Don't Ignore Western Europe, Terrorism Expert Warns U.S.
Thursday, September 8, 2005
Western Europe is a core recruiting ground for Muslim terrorists that is being overlooked given the U.S. focus on Iraq and the Middle East, according to Francis Fukuyama, academic dean of Johns Hopkins University's Paul H. Nitze School of Advanced International Studies.
The failure of European countries to assimilate their large and growing Muslim populations in the era of globalization has caused an alienation among the young that has created a "hard core for terrorism," Fukuyama said in Washington at a bipartisan policy forum on terrorism and security, sponsored by the New America Foundation.
"Fixing the Middle East is only part of the problem. It is a West European problem, too," Fukuyama said. He pointed out that the leaders of the Sept. 11, 2001, attacks came out of a cell in Hamburg and that most of the extremists participating in the more recent bombings in Spain and England were born in those countries.
Fukuyama's analysis squares with recent CIA conclusions about the importance of Western Europe, where, as one former senior intelligence official put it yesterday, "there are 10 million Muslims . . . that are not integrated into their societies."
Fukuyama called this one area of the war against terrorism in which U.S. and European interests merge and joint cooperation has begun to be productive. The Europeans "need to understand American assimilation" because their approach of "multiculturalism has been a failure," Fukuyama said.
The security and terrorism conference drew more than 100 legislators, academics and former policymakers, who expressed a broad range of views and concerns about extremism and the strategies for confronting it.
University of Chicago Associate Professor Robert A. Pape, author of "Dying to Win," a book based on a study of 460 suicide bombers, told his audience that Osama bin Laden's al Qaeda network decided two years ago to target Western European countries that had allied themselves with the United States in Iraq. Pape said Norwegian intelligence obtained a September 2003 document from a Web site reportedly affiliated with al Qaeda. The document discussed hitting Spain before its elections and, thereafter, the British, the Italians and the Poles, all of whom have had troops in Iraq.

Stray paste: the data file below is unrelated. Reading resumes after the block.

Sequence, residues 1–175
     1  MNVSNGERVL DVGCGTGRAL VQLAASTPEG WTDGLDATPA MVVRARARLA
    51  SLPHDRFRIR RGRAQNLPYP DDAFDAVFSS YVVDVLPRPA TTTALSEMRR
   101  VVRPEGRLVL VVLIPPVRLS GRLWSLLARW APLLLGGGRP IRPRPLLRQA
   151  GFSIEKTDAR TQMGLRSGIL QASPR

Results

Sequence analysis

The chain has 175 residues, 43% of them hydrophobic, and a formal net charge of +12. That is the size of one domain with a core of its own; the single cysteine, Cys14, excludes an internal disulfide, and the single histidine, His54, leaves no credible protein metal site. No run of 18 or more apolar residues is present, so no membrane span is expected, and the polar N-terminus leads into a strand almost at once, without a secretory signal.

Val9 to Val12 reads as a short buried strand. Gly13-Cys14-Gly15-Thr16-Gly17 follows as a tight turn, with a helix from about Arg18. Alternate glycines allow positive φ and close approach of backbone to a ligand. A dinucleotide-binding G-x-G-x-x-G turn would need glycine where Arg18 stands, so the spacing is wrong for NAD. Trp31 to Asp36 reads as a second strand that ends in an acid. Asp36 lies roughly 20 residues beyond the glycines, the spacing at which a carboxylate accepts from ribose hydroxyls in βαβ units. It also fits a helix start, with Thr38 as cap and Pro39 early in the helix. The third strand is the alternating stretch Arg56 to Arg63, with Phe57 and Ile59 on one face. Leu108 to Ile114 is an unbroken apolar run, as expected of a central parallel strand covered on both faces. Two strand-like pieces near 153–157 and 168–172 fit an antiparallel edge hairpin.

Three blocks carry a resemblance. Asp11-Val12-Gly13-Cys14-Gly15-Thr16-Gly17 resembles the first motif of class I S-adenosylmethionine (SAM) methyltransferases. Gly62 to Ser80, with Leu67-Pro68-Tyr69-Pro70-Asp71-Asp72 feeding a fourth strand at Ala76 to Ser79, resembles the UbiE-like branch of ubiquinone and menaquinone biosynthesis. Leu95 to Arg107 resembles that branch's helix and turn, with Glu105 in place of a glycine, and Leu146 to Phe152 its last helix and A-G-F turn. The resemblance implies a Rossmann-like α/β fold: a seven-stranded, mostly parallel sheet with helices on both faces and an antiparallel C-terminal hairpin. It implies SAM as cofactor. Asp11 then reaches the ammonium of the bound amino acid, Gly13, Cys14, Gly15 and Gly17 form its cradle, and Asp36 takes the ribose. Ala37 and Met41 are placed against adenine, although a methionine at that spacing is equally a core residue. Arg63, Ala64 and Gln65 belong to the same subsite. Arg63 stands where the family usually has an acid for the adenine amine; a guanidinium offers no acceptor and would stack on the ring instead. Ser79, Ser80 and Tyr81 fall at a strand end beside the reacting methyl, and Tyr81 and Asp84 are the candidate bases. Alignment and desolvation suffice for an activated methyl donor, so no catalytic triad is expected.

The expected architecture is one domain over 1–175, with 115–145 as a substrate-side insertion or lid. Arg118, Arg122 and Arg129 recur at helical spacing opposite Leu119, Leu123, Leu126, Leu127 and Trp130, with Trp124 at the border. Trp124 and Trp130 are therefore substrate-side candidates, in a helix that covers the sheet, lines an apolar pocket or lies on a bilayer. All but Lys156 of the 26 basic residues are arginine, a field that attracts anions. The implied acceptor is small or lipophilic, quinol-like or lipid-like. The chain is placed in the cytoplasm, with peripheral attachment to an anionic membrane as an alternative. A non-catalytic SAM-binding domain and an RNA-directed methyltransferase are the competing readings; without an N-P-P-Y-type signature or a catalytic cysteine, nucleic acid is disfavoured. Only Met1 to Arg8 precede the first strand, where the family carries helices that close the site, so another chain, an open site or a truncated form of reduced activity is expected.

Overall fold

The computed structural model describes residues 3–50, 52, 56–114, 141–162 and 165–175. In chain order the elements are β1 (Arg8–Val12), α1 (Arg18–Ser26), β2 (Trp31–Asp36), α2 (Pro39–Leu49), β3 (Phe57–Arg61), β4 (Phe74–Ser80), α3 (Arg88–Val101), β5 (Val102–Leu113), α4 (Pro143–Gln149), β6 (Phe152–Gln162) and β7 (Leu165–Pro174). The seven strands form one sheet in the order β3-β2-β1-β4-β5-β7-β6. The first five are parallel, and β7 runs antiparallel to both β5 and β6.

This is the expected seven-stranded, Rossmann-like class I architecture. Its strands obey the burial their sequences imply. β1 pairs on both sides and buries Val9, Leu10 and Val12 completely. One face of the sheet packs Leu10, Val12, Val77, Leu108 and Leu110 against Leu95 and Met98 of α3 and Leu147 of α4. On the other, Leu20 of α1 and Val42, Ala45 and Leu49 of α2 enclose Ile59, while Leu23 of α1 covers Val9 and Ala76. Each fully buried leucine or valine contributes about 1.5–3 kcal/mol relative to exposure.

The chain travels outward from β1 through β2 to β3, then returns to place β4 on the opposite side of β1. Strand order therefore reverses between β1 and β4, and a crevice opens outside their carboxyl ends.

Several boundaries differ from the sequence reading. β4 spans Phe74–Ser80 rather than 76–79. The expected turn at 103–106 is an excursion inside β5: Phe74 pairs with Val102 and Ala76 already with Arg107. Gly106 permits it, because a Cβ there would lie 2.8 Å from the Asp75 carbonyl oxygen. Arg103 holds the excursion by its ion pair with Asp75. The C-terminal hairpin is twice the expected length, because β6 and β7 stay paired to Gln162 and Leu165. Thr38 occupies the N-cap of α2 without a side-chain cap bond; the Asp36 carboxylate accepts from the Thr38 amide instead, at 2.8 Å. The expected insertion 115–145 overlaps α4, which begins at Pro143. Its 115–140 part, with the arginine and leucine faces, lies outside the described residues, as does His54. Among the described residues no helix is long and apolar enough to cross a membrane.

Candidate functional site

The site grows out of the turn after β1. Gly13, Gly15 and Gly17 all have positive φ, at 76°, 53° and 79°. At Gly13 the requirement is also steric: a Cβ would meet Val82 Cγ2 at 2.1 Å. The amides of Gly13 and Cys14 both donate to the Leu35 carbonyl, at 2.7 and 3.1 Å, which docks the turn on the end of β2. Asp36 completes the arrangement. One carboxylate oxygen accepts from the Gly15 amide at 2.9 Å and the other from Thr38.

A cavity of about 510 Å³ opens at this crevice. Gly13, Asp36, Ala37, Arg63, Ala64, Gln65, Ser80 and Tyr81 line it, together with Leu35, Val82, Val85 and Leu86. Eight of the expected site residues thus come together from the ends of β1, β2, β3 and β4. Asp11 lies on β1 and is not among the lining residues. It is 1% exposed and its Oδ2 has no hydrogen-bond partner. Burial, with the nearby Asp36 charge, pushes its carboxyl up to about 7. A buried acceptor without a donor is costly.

In his book, Pape described the situation, saying: "Every suicide terrorist campaign has had a clear goal that is secular and political: to compel a modern democracy to withdraw military forces from the territory that the terrorists view as their homeland."
Retired Army Col. Lawrence B. Wilkerson, who was the chief of staff of then-Secretary of State Colin L. Powell, described at the conference what he called the "rightful paranoia" that senior Bush administration policymakers have regarding the prospect that terrorists might somehow obtain nuclear, chemical or biological weapons.
"Katrina gives us no confidence," Wilkerson said, in U.S. preparations for a terrorist nuclear explosion in a major city. "I am 10 times more worried about what happens to civil liberties after that attack."
Wilkerson then drew the picture of Bush or a future president forced to act "to satisfy demands of the American people." He said the likely steps after such a dramatic attack would include "closed doors and closed borders . . . no foreign students at all" and would "make the Patriot Act pale," a reference to the post-Sept. 11 law designed to give law enforcement agencies more latitude to investigate would-be terrorists.
Princeton professor G. John Ikenberry criticized the Bush administration's counterterrorism policies, saying that U.S. unilateralism has become a "provocation and unsettling element in the world." His solution is "to rediscover bargaining with key allies."
An opposing view came from Rep. Jim Saxton (R-N.J.), chairman of the House Armed Services subcommittee on terrorism, who expressed strong support for the president's policies and praised the Pentagon's Special Forces as having "done more than any other group" to fight terrorism.
He called for a tougher policy on Iran, a country that he said "promotes radicalism, promotes terrorism." He said the United States should support groups inside and outside Iran that can "spread the cause of freedom" there.